(THIS ARTICLE IS MACHINE TRANSLATED by Google from Norwegian)
"There are three ways to greet a Jew: Mr. Dirty Jew, your Dirty Jew, and go to Hell, your Dirty Jew," wrote the Romanian Jew and Doctor Emil Dorian in his diary in the spring of 1940. This bitter joke pervaded among ordinary people in Bucharest and reflected the situation of the Romanian Jews at that time.
Dorian's diary is the starting point for the documentary Dead Nation from Romanian filmmaker Radu Jude. The director has made a thought-provoking documentary in a minimalist visual style. The entire film is based on photographs taken in a photo studio in Romania in the 1930s-1940s. The photographs almost never function as illustrations for the diary texts, but rather form an ironic counterpoint.
The photographs are portraits of smiling Romanians in traditional folk costumes, pictures from family events, of church leaders, soldiers and solemn celebrations. They appear at the same time as a narrative voice describing how the persecution of the Jews escalated, with Dorian's diary notes intertwined with radio news and patriotic songs. The photographs and diary excerpts span a decade, until 1946.
Jude's juxtaposition implies that the Romanians had a finger in the game regarding the ill-treatment of the Jews during the Holocaust. It is startling to see a film from a Romanian filmmaker who effortlessly criticizes his own homeland at a time when many regional authorities are trying to launder participation and participation during the Holocaust.
Poland has recently passed laws that make it punishable to imply that the nation has been responsible for Holocaust-related crimes, and similar laws have been passed in Ukraine. This is criticized as an attempt to conceal the cooperation between the Nazis and the citizens of these countries.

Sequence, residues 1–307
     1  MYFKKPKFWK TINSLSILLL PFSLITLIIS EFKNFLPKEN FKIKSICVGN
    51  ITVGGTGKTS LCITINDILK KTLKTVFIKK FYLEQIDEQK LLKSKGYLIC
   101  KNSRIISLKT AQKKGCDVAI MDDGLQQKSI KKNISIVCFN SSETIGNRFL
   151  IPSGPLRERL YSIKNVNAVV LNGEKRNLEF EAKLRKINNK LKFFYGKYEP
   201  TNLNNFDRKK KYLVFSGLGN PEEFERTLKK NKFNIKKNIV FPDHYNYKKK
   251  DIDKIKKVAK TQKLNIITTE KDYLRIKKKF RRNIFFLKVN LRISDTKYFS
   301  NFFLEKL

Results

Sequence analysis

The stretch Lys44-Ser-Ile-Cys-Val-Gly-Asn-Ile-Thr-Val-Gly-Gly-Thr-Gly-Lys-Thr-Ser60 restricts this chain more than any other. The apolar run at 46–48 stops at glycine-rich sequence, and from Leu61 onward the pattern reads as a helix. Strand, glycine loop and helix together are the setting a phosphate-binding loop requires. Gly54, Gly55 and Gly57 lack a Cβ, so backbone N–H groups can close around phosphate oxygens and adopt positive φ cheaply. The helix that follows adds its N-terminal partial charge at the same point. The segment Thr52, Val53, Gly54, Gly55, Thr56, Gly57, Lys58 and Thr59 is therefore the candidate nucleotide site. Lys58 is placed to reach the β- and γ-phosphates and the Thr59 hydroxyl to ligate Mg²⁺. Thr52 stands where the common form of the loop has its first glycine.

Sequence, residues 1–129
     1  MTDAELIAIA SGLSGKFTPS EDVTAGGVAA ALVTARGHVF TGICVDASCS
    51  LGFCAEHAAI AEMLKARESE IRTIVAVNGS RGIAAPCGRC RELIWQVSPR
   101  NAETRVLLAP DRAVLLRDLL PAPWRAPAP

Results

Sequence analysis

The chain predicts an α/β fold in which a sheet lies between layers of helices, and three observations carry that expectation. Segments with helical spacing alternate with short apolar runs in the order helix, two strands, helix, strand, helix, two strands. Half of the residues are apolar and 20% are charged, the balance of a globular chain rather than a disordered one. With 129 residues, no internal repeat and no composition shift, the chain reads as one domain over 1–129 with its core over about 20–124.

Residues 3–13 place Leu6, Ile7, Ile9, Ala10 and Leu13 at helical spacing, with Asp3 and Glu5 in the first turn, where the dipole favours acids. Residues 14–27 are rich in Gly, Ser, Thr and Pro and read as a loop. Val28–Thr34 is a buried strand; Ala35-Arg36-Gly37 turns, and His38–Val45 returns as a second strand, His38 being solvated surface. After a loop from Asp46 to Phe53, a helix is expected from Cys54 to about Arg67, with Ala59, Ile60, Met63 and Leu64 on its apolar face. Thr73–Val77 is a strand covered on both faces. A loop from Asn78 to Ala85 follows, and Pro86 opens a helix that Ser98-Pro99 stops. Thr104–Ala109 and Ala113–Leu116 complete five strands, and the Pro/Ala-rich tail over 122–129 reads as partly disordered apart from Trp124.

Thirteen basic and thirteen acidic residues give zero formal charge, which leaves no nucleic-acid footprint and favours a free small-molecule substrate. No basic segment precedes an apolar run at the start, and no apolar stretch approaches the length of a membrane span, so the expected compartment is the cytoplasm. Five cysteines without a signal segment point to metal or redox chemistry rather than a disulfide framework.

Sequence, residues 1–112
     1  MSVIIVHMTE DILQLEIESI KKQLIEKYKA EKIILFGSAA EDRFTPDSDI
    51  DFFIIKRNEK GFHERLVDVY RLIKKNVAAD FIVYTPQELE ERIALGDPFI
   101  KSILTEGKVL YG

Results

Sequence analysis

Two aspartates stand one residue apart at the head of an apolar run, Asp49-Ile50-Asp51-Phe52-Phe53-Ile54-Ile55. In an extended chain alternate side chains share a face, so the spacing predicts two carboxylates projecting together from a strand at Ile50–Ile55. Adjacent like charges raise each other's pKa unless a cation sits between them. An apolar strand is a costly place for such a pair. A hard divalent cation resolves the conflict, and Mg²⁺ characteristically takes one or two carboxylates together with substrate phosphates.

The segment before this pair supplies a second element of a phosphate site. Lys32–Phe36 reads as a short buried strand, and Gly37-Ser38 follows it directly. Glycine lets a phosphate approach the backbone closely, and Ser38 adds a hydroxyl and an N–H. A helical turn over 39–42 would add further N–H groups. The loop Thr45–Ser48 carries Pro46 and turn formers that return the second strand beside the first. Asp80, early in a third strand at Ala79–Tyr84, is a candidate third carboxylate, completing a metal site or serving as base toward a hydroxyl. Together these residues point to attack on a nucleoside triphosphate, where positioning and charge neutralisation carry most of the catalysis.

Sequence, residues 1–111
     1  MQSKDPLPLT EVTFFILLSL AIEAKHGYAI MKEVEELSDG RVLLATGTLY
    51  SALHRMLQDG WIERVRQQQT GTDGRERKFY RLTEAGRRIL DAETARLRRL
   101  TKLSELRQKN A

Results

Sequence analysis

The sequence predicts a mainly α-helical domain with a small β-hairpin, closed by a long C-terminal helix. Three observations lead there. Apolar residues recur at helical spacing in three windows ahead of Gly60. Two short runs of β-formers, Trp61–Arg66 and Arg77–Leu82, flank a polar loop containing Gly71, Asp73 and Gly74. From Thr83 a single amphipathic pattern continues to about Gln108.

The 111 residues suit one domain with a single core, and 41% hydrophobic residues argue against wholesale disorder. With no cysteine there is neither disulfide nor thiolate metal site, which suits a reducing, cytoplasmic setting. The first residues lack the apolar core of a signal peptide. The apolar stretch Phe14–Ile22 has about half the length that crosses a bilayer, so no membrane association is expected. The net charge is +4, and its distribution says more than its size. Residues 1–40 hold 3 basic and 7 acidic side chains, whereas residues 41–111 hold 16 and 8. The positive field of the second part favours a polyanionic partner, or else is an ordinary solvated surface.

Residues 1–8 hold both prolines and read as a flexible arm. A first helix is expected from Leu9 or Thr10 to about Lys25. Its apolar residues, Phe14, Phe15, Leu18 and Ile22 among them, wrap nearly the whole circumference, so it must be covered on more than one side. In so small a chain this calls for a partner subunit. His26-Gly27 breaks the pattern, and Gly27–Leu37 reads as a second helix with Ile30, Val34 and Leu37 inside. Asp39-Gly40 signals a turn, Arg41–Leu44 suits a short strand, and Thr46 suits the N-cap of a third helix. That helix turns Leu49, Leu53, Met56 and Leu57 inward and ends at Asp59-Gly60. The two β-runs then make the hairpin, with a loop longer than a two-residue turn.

Lithuania, Latvia and Hungary have also introduced policies aimed at denying their commitment. In the case of Romania, a country that has the dubious "honor" of killing more Jews than any other Nazi-allied country (estimated at 300 people), it is positive that Jade has been able to make the film apparently without interference.
Dorian's notes tell of rising Romanian anti-Semitism that reached a dangerous level long before the country supported the Nazis.
It is startling to see a filmmaker who effortlessly criticizes his own homeland in the time when many are trying to launder participation and participation during the Holocaust.
In 1938, Dorian lost his job as a physician, when the authorities "discouraged" Jews from working for state organizations. Jewish patients were banished from hospitals, the state radio channel played songs about Jews "sucking our blood," and synagogues were burned down. In 1939, Jewish medical students were refused exams.
Prohibited from treating Christian patients
In 1940, Jewish soldiers were resolutely thrown off the train and killed by their fellow soldiers, and the same year Jewish doctors were forbidden to treat Christian patients.
In 1941, women participated in a program that cut out the tongues and eyes of the Jews. In 1942, deadly gas was tested on the Jews, and Romanian soldiers participated in the liquidation of Jewish communities in Odessa and other parts of Ukraine.
Dorian's diary sheds light on who (in the West) knew what happened during the Holocaust, when they knew it – and why no more was done to stop the atrocities.
When he, as a physician in Bucharest, had information on the gasification of Jews in 1942 and knew of a train through Romania transporting Jews to Poland – where "their fate was known", as Dorian writes – it is really possible that the Allies did not know about the gas chambers who was expecting the Jews?
Jude's decision to stick to a minimalist narrative style creates a significant emotional impact, but at the same time causes some problems. Viewers with no background knowledge of Romania's role in World War II may have trouble following the historical events that are hinted at, but not explained: During World War II, Romania was neutral at first, but then partnered with Hitler to invade Ukraine before switching to the Allies' side and finally sought an alliance with the Soviet Union.
Dead Nation is an important film that illustrates how a minority group is made into scapegoats, and how this is growing rapidly and unabated with disastrous results. The film will hopefully be seen by many, especially in Romania and Eastern Europe.
Translated by Iril Kolle